Most students in British Columbia will return to full-time, in-class learning this September, but questions remain about how some high schools will adapt class schedules to accommodate new COVID-19 guidelines.
B.C. Provincial Health Officer Bonnie Henry said Wednesday that when schools open on Sept. 8, students will be grouped into cohorts called “learning groups” in efforts to mitigate potential spread of the novel coronavirus and ensure quicker contact tracing.
These learning groups can include up to 60 people in elementary and middle school, and up to 120 in secondary school. The students won’t necessarily be in the same class, but will be able to interact during breaks and in common areas such as libraries and playgrounds.
Most elementary schools will be able to accommodate these cohorts with minimal modifications. But high schools in which students move from class to class may have to overhaul programming, with options such as reduced course loads, moving to a quarterly system and remote online or self-directed learning.
Stephanie Higginson, president of the BC School Trustees Association, said the change will require a complete rethinking of existing programming.
“If we keep trying to stick a square peg into a round hole, it’s not going to fit,” Ms. Higginson said Wednesday. “In order for folks to be able to conceptualize this, we really have to erase everything and start again, and think about different ways of being in the school.”
Dr. Henry said the learning group caps are a balance of allowing students to socialize, while also minimizing risks of transmission.
“We need to think of it more like a work place, where we take precautions but we have our work bubble as well, and we make sure that we’re not having contact as much as possible [while] also reducing the numbers of people we’re encountering,” she said.
The government will distribute $45.6-million to school districts and independent schools to increase safety measures, such as cleaning high-contact surfaces, adding more hand-hygiene stations and having reusable masks available upon request.
Masks will not be mandatory for either staff or students, but may be recommended in some scenarios, such as when students take public transportation.
“We know some people have concerns,” B.C. Education Minister Rob Fleming said. “That’s why we’re making sure reusable masks are available upon request with this funding.”
Extracurricular activities, such as sports, are permitted if physical distancing can be maintained between members of different learning groups, and physical contact reduced between those in the same learning group, according to the B.C. plan.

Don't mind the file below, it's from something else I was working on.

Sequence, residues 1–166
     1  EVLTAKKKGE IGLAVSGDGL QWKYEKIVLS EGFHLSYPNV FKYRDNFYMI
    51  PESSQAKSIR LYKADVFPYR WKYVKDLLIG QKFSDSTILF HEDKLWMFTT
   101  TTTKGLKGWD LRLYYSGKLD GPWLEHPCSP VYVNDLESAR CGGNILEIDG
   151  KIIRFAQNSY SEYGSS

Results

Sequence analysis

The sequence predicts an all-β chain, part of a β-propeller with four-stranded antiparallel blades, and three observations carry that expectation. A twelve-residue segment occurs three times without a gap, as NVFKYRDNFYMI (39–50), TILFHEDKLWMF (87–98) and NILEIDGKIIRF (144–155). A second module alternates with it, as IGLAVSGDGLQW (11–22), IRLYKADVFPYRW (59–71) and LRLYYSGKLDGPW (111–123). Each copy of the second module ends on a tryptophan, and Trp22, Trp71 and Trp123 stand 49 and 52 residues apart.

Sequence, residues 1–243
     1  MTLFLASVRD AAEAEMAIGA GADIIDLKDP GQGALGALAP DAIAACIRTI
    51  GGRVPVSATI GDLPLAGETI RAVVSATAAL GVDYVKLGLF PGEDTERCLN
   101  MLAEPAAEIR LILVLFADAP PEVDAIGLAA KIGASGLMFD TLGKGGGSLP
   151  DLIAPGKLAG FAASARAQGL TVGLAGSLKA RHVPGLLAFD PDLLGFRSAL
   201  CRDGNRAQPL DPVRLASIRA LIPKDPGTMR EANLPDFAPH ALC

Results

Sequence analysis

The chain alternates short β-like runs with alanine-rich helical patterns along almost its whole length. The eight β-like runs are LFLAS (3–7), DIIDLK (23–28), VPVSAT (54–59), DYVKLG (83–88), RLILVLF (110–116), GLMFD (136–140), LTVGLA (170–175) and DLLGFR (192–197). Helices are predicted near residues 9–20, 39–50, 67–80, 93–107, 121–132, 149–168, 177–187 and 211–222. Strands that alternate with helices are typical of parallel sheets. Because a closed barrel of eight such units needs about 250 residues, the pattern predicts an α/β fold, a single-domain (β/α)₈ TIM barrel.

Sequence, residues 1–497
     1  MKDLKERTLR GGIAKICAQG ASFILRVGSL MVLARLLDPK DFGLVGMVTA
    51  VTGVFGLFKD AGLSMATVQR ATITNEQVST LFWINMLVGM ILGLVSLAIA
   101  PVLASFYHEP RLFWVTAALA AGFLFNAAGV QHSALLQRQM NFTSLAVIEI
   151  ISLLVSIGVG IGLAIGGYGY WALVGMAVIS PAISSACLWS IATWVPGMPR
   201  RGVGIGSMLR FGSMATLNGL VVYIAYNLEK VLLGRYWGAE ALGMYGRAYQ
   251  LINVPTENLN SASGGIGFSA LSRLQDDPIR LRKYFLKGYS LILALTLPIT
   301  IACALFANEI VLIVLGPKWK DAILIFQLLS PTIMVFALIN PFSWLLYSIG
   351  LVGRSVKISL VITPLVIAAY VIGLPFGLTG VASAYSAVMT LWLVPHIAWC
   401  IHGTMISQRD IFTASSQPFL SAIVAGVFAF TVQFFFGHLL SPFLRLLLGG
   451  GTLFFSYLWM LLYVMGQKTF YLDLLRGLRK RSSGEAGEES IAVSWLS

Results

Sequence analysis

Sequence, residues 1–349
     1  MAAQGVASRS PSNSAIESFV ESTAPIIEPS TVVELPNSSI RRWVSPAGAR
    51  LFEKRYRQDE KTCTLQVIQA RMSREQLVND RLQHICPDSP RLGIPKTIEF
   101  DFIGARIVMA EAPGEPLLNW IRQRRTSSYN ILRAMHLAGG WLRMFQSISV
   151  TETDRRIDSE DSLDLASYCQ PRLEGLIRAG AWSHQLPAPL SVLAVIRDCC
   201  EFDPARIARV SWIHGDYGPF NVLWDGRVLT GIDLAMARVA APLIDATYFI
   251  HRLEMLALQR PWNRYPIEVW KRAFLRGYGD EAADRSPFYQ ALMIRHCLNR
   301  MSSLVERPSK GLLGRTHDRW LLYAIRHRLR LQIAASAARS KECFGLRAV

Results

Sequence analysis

School districts have until Aug. 26 to submit to the ministry and post online their plans.
Teri Mooring, president of the BC Teachers’ Federation, called the plan “a work in progress” and said teachers need more clarity around the proposed learning group model, as well as time and training to adjust to the new learning conditions and workplace structures.
“As you can imagine, teachers have lots and lots of questions about how that’s going to work,” Ms. Mooring said. “Today’s [announcement] introduced a lot more questions than provided answers about that.”
Ms. Mooring said the teachers’ union has two representatives on the Ministry of Education’s steering committee and 25 teachers on its working groups, and that the representatives were surprised to see some of the details announced Wednesday.
The initial plan for this stage was a full return to school for kindergarten to Grade 7, and a partial return for grades 8 through 12, she cited as an example.
“We were very happy to hear the minister commit to the steering committee and the working groups continuing to meet,” Ms. Mooring said. “A lot more planning is needed in order for this to all work in September.”
Liberal education critic Dan Davies said the plan lacks detail and downloads responsibility to school districts.
“Families aren’t going to be finding out until a week before classes start what school will look like in their districts,” Mr. Davies said. “We feel that simply isn’t good enough and certainly doesn’t provide the clarity and guidance that families are looking for.”
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